Tag Archives: Postal service
[Surveyor] Mr. Briggs will have explained to you our purpose of running a mail below the[Appalachian] mountains to N. Orleans by Tuckabatché & Fort Stoddart. from this last place to the mouth of Pearl river it must pass thro’ the territory possessed by Spain but claimed by us. Colo. Monroe left London the 8th. of Oct. for Madrid to settle that point. while it is under negociation we think both parties should cautiously refrain from innovating on [make changes in] the present state of things. for this reason we think it proper to ask the consent of the Spanish government.
Thomas Jefferson to William C.C. Claiborne, January 7, 1805
Patrick Lee’s Explanation
Wise leaders seek to minimize conflict.
Claiborne (c. 1774-1817) governed the Territory of Orleans, later to become the state of Louisiana. He knew of Thomas Jefferson’s plan to establish a new southern postal route from Washington to New Orleans that avoided crossing the mountains.
While the Louisiana Purchase conveyed what had been Spanish land west of the Mississippi River, ownership of lands along the Gulf Coast east of that river were in dispute. Jefferson claimed them, of course, but Spain maintained they were never meant to be transferred with the western lands.
The new postal route would include about 70 miles “possessed by Spain but claimed by us.” Ambassador James Monroe was en route to Spain to negotiate the matter. In the meantime, it would be best to have the consent of Spanish officers in New Orleans rather risk diplomatic offense or armed conflict.
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… I am personally a stranger among the neighbors there [at Poplar Forest, near Lynchburg, VA] … and [I] have never had the opportunity of making myself personally acceptable to them by any particular service. it is so pleasant to possess the good will of those among whom we live that I have wished occasions of acquiring it, & one now offers particularly interesting …
I have now stated facts [all the reasons why Lynchburg merits better postal service.]; you will decide on them …. may I ask the favor of you, when you shall have seen what you can do … to let the communication pass through me. I have candidly stated in the beginning of my letter, my sole motive for this, that I may acquire the good will of those among whom I pass a considerable time, not for any interested purpose, but merely to make myself happier, but whatever you do, I shall be satisfied it is right …
To Gideon Granger, September 20, 2010
Patrick Lee’s Explanation
Servant leaders always look for ways to benefit others.
Retired from the Presidency for a year and a half, Jefferson now spent more time at Poplar Forest, his get-away plantation near Lynchburg. He lamented not knowing his neighbors well and wanted to change that by offering some service to them. What they needed was better postal service, currently just one delivery each week. Jefferson saw a way to earn the friendship and esteem of his neighbors.
Thus, he wrote to Granger, his Postmaster General for eight years, now filling the same role for President Madison. Jefferson didn’t propose more service, which would have cost more. Rather, he proposed better service, outlining faster delivery routes and a more convenient schedule. The result would be better service at the same cost.
Now came the favor Jefferson requested. If Granger granted the changes, would he communicate that through him? That would give him the pleasure of announcing it to his neighbors. His service to them might result in their friendship toward him. That’s all he wanted.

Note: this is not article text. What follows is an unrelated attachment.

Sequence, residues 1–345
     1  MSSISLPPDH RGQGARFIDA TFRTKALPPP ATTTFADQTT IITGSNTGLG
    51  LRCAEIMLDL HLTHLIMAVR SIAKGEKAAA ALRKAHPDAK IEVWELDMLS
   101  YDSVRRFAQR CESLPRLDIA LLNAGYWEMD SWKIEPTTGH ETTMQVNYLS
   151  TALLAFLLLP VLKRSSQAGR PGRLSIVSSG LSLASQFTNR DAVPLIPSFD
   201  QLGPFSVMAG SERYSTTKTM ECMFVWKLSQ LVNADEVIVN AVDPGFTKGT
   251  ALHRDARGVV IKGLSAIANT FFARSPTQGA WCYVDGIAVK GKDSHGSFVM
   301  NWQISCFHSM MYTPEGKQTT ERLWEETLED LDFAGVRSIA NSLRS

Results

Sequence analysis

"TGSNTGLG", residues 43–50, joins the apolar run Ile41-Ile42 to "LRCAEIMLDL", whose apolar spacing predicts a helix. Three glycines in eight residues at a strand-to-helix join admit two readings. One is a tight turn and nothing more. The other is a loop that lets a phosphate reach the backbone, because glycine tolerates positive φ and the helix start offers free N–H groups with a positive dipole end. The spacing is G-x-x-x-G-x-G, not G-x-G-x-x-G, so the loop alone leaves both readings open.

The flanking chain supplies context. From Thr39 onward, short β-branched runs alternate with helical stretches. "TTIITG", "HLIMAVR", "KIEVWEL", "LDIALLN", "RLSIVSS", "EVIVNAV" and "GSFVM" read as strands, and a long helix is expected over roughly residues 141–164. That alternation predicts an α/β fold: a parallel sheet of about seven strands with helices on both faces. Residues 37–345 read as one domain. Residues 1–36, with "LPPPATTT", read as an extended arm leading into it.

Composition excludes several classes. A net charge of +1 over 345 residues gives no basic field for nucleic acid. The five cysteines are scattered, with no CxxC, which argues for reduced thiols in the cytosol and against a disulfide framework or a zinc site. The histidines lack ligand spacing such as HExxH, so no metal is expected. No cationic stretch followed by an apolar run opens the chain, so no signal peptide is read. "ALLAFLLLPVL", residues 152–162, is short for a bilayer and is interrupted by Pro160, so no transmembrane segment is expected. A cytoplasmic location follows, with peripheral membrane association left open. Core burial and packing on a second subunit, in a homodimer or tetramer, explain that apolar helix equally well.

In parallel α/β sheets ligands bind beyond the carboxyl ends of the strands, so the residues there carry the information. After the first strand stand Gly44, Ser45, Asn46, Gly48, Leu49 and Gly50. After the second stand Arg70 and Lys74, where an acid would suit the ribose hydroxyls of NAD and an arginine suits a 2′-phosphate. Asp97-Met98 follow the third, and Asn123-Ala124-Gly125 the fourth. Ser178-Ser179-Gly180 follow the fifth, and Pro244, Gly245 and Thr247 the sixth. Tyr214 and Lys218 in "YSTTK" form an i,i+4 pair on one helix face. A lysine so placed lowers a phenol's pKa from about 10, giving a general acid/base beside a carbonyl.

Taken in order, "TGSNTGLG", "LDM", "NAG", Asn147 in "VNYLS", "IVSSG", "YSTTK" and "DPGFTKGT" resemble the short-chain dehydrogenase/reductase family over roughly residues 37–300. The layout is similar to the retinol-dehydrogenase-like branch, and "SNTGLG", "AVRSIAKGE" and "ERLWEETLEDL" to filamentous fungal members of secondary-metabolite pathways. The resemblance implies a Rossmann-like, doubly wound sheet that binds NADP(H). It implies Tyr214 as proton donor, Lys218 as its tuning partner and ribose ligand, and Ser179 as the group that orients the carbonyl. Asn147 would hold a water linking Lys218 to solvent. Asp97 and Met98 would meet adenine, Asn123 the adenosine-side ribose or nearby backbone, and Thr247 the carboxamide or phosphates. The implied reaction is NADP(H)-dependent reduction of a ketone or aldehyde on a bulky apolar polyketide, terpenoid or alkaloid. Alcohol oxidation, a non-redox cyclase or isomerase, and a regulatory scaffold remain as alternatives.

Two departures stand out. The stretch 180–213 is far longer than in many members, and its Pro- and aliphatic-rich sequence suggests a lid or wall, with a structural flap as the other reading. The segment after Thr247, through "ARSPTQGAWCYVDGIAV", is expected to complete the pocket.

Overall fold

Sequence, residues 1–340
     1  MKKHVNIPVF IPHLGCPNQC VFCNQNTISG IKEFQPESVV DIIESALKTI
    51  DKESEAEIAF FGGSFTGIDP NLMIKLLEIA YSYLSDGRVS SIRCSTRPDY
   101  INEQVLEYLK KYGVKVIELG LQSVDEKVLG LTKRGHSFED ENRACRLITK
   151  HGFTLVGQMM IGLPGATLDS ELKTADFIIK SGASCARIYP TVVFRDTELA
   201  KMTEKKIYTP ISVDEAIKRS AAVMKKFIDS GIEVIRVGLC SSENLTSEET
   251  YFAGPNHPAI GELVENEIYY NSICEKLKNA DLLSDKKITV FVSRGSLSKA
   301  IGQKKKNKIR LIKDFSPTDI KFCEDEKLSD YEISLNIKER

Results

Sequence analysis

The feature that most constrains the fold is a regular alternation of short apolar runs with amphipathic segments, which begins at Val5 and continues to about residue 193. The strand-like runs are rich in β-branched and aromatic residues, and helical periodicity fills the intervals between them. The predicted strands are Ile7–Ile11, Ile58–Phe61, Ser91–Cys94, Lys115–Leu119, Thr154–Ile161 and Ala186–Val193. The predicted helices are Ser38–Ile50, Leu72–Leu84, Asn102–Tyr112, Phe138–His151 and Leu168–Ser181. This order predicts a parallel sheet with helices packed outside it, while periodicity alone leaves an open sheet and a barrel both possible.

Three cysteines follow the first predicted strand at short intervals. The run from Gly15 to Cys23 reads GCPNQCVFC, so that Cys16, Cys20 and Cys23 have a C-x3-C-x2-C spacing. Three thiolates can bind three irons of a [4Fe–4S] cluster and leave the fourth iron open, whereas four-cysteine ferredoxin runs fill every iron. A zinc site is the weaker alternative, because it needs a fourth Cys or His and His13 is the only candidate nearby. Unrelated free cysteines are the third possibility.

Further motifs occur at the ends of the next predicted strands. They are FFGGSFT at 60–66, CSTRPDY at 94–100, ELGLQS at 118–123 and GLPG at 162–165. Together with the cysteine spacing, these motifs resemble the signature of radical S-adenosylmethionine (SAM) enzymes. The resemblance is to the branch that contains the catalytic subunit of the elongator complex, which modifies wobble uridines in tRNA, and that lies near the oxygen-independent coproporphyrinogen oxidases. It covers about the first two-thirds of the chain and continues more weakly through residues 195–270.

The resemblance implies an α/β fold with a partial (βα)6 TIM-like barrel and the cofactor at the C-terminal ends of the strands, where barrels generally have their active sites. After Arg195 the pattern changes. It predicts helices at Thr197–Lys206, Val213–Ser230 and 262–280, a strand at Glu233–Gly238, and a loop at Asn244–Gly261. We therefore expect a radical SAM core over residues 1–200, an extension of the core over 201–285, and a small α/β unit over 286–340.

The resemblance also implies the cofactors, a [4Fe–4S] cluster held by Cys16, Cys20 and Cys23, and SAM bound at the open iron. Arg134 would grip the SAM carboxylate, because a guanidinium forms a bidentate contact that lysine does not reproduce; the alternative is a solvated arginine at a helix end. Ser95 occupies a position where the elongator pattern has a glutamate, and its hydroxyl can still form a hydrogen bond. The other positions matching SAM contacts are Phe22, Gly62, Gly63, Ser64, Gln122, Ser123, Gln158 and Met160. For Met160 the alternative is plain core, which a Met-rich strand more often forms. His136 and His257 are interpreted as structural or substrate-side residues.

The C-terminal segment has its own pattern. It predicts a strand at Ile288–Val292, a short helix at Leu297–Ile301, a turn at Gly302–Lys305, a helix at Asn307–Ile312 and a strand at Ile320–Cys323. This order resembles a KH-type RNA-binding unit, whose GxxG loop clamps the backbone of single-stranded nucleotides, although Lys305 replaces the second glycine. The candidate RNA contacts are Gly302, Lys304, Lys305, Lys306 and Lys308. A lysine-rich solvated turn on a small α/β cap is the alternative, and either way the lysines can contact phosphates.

Regardless of Granger’s decision, Jefferson in advance approved the rightness of his choice.
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As far as can be judged from the maps, the road from Fort Stoddert ought to bear down South Westwardly, to get into the Spanish road leading from Mobille to Baton Rouge, before it crosses Pascagoule river. then follow that road (which is nearly due West) till it crosses Pearl river. then quit it & go nearly due South to the neck … [depending upon] the person you employ, whose examination on the spot must controul our ideas where they are impracticable.
To Gideon Granger, April 24, 1806
According to Lafon’s map … of the Environs of N. Orleans, it may seem doubtful whether it is best to cross the Pearl river at the Spanish road & come down on the West side to the Rigolet at Stikinoula, or to take off from that road on the East side of the river where it is intersected by one of the Indian paths travd by Lafon, & come down to Bois-doré … but these circumstances can be estimated only by persons on the spot.
To Gideon Granger, April 25, 1806
The Jefferson Leadership Blog began February 21, 2011. This is the 500th post. 😀
Today, May 5, 2015, is the 25th Anniversary of my first presentation as Thomas Jefferson. 😯
Patrick Lee’s Explanation
Not all leadership issues are grand ones. Or necessary ones.
Granger has been Jefferson’s Postmaster General for almost five years. On several occasions, the President’s correspondence dealt quite minutely with proposed routes for postal riders. These letters are examples.
There were very few established roads. Postal riders used a combination of roads, paths, Indian trails, and rivers. Where none of those were helpful, the rider would blaze his own trail on horseback, armed with a hatchet for clearing the way.
Jefferson-the-empiricist consulted the best maps available, made his observations but didn’t make the call. Jefferson-the-delegator favored decisions made locally rather than in Washington City. He wanted someone who knew the area personally, maybe the one who would actually ride it, to choose the route.